• Judy Brown

    I have a protein shake every morning (Dream French vanilla). I use about 4 ice cubes, a small amount of half/half, one scoop of the whey protein, and fill to the top of the mixer with whole milk. (I use the Magic Bullet mixer, which I estimate to be anywhere from 12-16 oz. I am a fussy eater, and used to have several bowls of cereal for breakfast, along with apple juice. This was quite a change. It does taste like a vanilla milk shake! I like the tiny ice pieces too. Is my shake still healthy?

    • DrHorvitz


      Yes your shake is healthy, and much healthier than processed cereal.

      Have you considered using whole fat unflavored yogurt in place of some of the whole milk?


  • DrHorvitz


    No contradiction. Most vegetable and seed oils are heavily processed and are now called “industrialized seed or vegetable oils.” These oils contain a large amount of the inflammatory Omega-6 fats which counter the beneficial effects of the anti-inflammatory omega-3 fats.
    Back in Paleo days, the balance between Omega6–>Omega-3 was about 2-1. Today most individuals I have tested are well over 3-1. This is due I believe to the abundance of Omega-6 containing vegetable and seed oils used in food processing.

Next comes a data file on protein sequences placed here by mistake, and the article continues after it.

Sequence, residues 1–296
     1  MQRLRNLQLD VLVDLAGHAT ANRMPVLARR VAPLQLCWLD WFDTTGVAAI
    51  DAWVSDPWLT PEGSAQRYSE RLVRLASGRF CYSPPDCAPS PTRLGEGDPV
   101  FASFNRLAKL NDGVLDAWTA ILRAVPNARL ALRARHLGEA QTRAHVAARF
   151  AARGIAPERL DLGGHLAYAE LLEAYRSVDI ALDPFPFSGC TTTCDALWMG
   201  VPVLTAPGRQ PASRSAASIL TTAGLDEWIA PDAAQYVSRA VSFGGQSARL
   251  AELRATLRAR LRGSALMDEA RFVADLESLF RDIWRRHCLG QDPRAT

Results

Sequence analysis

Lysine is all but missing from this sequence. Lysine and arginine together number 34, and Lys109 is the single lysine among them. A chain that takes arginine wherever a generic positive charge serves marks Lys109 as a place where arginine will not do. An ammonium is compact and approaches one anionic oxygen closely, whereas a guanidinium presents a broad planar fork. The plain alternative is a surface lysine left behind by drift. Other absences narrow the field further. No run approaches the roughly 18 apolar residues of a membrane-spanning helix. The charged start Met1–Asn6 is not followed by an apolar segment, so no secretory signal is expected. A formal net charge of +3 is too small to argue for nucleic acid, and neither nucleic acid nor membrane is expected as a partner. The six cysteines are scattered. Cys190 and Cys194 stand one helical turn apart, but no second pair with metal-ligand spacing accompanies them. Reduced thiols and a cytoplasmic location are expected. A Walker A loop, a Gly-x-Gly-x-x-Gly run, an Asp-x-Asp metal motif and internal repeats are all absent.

Olive oil is richer in mono-unsaturated oils.
    Coconut and avocado have natural oils, high in saturated fats, which regardless of what you hear are actually good for you, and are less processed.

    So Fat in general is not bad. You need to know the different types of fat and try to keep them in balance. The Omega-3 index is a good test to determine this balance.


  • Donald C. Simpson

    I gave up on bananas [although I love them] for all of the reasons you stated. I have found that 1/4th of a large ripe avocado [not the usual, smaller, Haas; the larger ones such as the Slimcado], added to the shake, is low-carb, relatively low in calories, and provides only slight change in the taste of the shake, while giving a smooth, thickening to the shake that makes it much more like an icecream shake.

    Question: Isn’t it contradictory to come down so hard on “vegetable” oils and then push olive oil, cocanut milk, avocados, and the like?

  • Andrea Hirsh

    We’ve used canned coconut milk in our smoothies. It’s on the expensive side so we don’t make them often with it, but it’s pretty tasty and may be an option for those who can’t have dairy. Trouble is finding coconut milk that just contains coconuts, without additives like guar gum and other yucky stuff.

  • Sue Tober

    I also add a full tspn of all natural peanut butter to the chocolate powder. The flavor is very subtle (Reese’s Cup) and while adding a bit more fat, helps make the shake even more filling.

  • Meira Itzkowitz

    I have food sensitivities, including dairy products. Any suggestions about how to adapt the major ingredients in your dream shake?

  • Mary Catherine

    I like to make a shake for breakfast too. I vary what I put in it. My basic shakes usually have some protein powder without any sugar, a scoop of dried organic greens, some berries, coconut milk watered down, sometimes some cocnut oil dependig on the coconut milk, and some ice cubes. I would love to try your protein powder. So many of them have sweeteners and other ingredients that I don’t want.